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Hi I'm Karl

I grew up in Western New York. I study the history of US religious and economic thought at Buffalo State College. I'm a Mormon.

About Me

I grew up in Western New York. I spent my childhood in Brocton NY, a small town in the hill country along Lake Erie, near the border of Pennsylvania; and my adolescence and young adult life in Niagara Falls NY. I served as a missionary for the Church for two years in the Carribean Islands and Guyana, South America. Years later I still dream about it. I married my high school sweetheart when I returned and we have been poor, but mostly happy, college students ever since. I am working on a degree in history and economics from Buffalo State College, after which I plan to attend graduate school. I have become particularly interested in the history of religious and economic thought (especially in the US), and in the way these ideas shape society and government policy. I guess my greatest loves in life are people, nature, food, and tv shows/movies. A meaningful conversation with a friend, familiy member (and sometimes a stranger), or an afternoon with my nieces and nephews; Or a hike in the Niagara Gorge or in the forested trails of Chautauqua County; Or dinner (preferrably something spicy) and a movie with friends and family can really make life worth living.

Why I am a Mormon

I was raised in the Church, but at an early age my parents made it very clear to me that I could make my own choice. And there were times in my adolescance and as an adult in which I exercised that choice by deciding not to involve myself in church activities. That being said, something intangible has always prompted me to stay connected. As a teenager I first recognized and identified those mysterious overflowings of joy and peace (that people call the Holy Spirit) while praying and studying the scriptures. I felt very strongly that I was on the right track. These overwhelming spiritual experiences led me to serve as a missionary for the church for two years. I have been re-evaluating my faith in recent years, doing alot of soul-searching, praying, and learning everything I can about church history and doctrine. As a result, some of my views have changed, but I am eternally grateful for my experiences in the Church. My eyes have been opened in ways that I could never have imagined had I not followed that inspiration I recieved in my youth. I would not have known quite what to study in college. I even would not have had an opportunity to meet my wonderful wife (we met at a church dance). Finally, I might never have felt the love of my Heavenly Father, and allowed it to shape the kind of person I am becoming. Quirky as the church's history and doctrine may be. And while some of it does not sit right with me. I love being a Mormon.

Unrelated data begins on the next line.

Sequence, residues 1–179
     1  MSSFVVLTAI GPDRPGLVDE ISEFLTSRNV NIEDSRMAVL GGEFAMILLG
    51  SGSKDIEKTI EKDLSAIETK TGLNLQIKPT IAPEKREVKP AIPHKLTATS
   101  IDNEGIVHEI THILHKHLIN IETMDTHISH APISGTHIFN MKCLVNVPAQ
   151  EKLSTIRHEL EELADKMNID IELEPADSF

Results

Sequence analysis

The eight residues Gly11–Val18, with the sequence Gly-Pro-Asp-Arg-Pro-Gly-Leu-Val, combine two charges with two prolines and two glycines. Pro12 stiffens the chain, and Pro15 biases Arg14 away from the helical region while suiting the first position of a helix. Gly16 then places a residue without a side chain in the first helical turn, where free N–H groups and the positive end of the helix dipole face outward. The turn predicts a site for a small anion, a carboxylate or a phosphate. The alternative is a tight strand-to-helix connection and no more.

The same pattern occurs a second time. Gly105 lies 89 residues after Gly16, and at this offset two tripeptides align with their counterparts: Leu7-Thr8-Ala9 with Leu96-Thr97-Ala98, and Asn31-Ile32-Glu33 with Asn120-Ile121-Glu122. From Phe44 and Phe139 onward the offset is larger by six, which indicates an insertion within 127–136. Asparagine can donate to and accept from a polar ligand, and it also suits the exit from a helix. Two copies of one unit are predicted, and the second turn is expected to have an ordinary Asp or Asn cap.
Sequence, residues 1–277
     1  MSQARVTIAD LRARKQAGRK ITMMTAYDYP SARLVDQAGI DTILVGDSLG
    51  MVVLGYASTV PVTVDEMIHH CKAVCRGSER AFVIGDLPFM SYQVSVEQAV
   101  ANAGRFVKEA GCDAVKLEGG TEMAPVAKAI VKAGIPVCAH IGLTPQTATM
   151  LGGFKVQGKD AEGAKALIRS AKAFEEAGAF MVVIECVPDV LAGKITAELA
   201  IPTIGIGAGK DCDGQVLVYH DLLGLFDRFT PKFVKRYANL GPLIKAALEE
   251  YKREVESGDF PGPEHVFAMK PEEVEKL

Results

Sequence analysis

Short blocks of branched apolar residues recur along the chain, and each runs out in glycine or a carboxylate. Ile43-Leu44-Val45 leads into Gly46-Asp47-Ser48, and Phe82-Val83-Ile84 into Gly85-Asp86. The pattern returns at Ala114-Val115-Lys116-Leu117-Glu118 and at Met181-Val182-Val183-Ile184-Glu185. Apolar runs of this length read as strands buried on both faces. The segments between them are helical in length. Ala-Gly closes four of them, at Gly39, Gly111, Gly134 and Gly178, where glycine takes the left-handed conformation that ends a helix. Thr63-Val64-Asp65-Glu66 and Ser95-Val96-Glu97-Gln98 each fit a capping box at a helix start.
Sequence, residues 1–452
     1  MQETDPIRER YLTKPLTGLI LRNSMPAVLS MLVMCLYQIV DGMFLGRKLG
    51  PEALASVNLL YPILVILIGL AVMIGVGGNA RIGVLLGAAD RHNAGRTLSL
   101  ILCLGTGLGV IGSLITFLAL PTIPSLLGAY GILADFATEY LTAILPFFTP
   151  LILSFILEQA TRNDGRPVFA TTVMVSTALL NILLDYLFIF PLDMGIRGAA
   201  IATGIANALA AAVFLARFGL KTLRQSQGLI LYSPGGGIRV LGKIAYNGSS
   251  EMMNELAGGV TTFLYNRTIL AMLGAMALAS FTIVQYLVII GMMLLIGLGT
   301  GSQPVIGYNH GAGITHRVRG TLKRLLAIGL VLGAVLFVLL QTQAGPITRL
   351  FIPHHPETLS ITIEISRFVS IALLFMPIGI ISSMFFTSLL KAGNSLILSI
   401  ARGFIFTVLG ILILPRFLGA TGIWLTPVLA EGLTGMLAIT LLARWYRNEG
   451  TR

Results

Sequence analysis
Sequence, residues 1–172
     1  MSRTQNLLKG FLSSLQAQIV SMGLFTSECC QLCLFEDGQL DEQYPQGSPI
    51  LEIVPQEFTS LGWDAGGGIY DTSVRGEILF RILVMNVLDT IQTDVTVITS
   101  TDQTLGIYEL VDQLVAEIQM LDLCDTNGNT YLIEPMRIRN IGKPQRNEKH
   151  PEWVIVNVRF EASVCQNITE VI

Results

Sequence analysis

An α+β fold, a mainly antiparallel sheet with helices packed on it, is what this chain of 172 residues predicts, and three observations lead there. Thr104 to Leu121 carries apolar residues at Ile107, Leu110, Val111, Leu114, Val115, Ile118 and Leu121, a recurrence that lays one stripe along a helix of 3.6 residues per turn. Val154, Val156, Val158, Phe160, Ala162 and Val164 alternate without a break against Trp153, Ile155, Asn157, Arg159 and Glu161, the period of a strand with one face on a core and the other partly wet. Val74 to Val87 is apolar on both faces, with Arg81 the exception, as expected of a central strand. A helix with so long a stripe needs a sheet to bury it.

How I live my faith

...according to the dictates of my own conscience. The way I live my faith is summed up well by one of Joseph Smith's statements to a newsreporter, "We claim the privilege of worshipping almighty God according to the dictates of our own conscience, and allow all men the same privilege. Let them worship how, where, or what they may." My conscience has always inspired me toward compassion and empathy - treating others the way I would want to be treated. This is the purest form of worship. When he has filled you with his love it is easy to give love to others. My deepest regret is that I sometimes let other concerns get in the way.

Do Mormons worship Joseph Smith?

Mormons do not worship Joseph Smith any more than other Christians worship Moses, or St. Peter, or the Bible. That is, not at all. But we revere him because we regard him as a special witness of God and Jesus. Joseph Smith invites us to communicate with God directly through prayer, to open our hearts to the inspiration of the Spirit, and a testimony of the Gospel of Jesus. At no time did he seek our worship, and at no time did he recieve it. But we thank God for our prophet just as we (and other Christians) thank God for the Bible. Show more Show less